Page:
What Happens During Hydrolysis?

Hydrolysis is a chemical decomposition reaction involving water and another chemical that forms at least one new compound. Dissolving a salt, either of a weak base, weak acid or both, is the most common type of hydrolysis. The water in the reaction ionizes into OH- ions and H+ ions. H+ ions hydrate to form H3O+ ions. The salt also dissociates into positive and negative ions.

Sodium acetate readily dissolves in water, dissociating into sodium ions and acetate ions. Most of the sodium ions remain in the solution without reacting with the hydroxyl ions as sodium hydroxide is a strong base. However, acetic acid is a weak acid, and acetate ions react with the hydrogen ions to form neutral acetic acid molecules. The result of the reaction is an excess of hydroxyl ions that creates a basic solution. This hydration reaction causes a chemical reaction between the water and a dissolved salt.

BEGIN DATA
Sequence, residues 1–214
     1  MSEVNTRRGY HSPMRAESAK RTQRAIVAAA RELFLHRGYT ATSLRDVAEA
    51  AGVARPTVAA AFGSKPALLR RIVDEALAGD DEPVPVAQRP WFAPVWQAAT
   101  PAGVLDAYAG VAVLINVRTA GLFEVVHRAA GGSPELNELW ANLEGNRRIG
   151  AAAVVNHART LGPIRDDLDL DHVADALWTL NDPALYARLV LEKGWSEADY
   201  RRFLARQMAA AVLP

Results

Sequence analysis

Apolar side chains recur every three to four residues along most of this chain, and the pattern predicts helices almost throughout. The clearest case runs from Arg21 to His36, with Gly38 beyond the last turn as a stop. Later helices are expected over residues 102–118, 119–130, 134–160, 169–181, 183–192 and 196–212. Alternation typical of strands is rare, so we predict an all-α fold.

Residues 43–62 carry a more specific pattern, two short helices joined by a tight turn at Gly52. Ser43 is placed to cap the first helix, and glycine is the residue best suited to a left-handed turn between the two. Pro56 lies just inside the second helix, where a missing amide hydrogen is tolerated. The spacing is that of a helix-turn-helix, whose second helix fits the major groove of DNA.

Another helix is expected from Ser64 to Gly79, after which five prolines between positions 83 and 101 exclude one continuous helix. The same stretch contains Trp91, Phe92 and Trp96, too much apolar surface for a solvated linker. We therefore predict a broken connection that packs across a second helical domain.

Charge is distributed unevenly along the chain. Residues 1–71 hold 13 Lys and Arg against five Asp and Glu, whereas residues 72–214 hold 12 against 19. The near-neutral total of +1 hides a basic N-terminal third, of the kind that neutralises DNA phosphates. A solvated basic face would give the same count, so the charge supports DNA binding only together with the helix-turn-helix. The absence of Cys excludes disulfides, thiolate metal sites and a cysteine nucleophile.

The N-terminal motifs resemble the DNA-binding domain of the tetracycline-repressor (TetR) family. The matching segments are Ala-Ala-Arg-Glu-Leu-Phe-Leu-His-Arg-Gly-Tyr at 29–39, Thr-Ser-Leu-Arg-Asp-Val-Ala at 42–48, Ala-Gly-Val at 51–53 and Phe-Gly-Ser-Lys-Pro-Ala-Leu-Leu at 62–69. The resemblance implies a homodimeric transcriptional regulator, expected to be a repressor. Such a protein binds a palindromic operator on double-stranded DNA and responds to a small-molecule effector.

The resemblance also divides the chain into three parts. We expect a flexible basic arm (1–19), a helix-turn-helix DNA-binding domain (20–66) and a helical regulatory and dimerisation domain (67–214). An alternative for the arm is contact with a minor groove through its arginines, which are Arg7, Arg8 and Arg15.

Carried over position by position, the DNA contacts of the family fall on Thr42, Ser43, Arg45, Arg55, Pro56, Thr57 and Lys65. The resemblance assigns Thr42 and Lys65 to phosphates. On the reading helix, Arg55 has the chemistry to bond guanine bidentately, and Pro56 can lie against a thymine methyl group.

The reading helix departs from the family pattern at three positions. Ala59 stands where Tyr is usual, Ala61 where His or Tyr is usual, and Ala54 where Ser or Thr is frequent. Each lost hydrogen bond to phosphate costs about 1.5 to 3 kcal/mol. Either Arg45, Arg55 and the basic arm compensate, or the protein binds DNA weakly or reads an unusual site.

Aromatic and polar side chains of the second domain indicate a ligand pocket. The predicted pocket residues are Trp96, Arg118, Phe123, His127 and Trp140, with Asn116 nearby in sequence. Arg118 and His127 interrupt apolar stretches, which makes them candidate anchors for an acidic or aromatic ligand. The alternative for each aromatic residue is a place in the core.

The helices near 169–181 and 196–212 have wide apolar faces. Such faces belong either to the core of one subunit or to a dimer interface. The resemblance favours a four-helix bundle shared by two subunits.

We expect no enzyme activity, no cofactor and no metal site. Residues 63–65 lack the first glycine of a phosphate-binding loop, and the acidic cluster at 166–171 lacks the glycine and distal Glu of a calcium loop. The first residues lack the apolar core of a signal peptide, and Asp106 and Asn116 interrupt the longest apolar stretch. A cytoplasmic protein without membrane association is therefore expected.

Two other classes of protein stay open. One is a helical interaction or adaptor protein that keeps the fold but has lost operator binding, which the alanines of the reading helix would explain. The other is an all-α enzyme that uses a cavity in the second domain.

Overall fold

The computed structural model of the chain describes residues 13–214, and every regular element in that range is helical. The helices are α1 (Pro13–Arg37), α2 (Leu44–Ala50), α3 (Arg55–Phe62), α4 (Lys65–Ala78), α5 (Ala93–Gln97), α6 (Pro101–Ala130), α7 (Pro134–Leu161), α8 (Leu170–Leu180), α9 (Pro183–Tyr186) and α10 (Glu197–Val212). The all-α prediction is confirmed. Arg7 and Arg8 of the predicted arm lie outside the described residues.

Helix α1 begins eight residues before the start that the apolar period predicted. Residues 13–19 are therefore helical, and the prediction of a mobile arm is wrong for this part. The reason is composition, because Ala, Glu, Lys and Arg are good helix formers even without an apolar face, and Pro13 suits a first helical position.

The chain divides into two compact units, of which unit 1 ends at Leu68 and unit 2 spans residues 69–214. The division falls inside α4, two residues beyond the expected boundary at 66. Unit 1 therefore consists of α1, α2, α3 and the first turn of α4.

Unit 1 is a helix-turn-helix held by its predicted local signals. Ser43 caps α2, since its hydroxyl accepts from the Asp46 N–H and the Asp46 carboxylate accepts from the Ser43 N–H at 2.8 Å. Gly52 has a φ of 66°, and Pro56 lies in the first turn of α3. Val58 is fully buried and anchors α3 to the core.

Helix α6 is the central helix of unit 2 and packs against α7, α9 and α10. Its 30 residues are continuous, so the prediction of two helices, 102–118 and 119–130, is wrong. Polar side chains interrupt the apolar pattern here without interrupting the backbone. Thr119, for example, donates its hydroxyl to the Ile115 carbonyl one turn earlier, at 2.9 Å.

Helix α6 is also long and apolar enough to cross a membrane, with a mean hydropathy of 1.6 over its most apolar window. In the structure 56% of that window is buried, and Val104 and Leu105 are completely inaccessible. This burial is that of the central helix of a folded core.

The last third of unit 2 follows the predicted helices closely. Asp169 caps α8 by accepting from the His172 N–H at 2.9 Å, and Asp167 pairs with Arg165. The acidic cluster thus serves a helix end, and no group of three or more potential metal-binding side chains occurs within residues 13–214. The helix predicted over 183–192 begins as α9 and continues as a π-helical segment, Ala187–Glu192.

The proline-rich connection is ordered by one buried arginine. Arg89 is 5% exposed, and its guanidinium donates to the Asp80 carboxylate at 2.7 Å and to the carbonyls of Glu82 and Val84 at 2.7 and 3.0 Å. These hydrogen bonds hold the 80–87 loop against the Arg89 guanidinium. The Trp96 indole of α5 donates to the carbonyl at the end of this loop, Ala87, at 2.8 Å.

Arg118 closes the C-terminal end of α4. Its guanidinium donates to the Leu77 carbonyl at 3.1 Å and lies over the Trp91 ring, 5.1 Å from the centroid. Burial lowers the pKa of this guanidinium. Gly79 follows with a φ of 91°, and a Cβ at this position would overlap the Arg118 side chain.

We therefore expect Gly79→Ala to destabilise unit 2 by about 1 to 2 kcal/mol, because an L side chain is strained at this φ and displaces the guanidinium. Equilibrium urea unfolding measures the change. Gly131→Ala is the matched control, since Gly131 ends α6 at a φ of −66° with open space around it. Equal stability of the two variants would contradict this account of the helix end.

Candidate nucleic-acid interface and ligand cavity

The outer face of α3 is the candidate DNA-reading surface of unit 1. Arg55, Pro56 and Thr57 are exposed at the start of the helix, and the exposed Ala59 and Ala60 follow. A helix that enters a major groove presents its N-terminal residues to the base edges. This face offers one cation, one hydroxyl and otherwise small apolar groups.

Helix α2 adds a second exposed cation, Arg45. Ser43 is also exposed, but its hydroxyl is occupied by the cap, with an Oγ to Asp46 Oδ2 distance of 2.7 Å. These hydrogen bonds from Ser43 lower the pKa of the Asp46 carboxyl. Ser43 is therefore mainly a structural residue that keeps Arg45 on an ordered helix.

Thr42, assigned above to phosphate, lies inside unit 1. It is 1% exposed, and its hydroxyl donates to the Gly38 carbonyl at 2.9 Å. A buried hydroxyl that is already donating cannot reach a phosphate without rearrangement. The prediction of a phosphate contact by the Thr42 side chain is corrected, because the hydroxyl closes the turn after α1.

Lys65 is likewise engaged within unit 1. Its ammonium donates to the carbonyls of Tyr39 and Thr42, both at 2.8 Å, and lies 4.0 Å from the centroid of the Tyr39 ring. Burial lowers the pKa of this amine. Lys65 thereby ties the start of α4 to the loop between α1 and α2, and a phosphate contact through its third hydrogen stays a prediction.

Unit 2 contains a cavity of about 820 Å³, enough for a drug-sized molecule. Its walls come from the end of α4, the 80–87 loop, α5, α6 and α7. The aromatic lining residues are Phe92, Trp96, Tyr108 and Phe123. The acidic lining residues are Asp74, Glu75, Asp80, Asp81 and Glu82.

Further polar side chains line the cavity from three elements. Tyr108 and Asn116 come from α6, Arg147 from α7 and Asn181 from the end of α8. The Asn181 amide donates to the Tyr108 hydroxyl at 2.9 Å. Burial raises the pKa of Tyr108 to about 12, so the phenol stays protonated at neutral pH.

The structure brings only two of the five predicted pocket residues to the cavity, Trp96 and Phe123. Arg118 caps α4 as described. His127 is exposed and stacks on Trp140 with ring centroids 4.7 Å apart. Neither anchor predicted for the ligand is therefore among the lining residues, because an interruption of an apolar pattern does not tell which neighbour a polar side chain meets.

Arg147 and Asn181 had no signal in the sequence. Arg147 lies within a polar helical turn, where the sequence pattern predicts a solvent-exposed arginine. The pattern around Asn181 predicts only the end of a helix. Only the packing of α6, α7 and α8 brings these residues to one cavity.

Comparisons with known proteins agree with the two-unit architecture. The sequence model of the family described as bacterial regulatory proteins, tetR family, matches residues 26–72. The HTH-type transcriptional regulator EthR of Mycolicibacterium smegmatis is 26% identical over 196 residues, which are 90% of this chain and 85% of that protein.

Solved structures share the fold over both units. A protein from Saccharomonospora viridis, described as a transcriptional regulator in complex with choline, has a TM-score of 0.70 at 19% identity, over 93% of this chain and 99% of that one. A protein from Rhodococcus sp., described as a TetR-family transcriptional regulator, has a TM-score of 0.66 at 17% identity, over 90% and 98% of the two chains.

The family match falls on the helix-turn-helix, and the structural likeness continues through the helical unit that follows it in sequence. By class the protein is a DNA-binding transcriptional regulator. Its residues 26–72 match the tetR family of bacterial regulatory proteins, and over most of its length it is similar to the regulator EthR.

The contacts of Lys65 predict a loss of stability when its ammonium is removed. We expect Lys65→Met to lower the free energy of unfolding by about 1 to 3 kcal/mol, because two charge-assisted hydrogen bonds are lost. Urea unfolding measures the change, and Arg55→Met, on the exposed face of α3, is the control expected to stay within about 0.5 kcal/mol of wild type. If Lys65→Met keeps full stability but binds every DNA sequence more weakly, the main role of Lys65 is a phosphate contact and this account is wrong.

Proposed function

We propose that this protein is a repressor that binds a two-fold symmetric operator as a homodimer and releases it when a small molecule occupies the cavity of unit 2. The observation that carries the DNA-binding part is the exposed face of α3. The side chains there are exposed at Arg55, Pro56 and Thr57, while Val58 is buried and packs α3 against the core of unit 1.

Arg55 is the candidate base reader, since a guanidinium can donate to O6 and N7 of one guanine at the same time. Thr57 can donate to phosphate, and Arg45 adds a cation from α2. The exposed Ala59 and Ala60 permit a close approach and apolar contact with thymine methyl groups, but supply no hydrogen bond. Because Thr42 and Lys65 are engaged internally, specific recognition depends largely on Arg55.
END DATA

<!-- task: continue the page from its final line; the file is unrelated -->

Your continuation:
Water is less reactive with other organic compounds. Adding strong acids or bases or the use of steam causes hydrolysis in some cases in which water does not. Manufacturers use hydrolysis reactions to synthesize alcohols from double bonded hydrocarbons. Ethene, or CH2CH2, reacts with water to result in ethanol, or CH3COOH, when manufacturers mix the two with a strong acid catalyst. Manufacturers convert vegetable oils and animal fats to glycerol or fatty acids using steam. Plants and animals also use hydrolysis to metabolize food.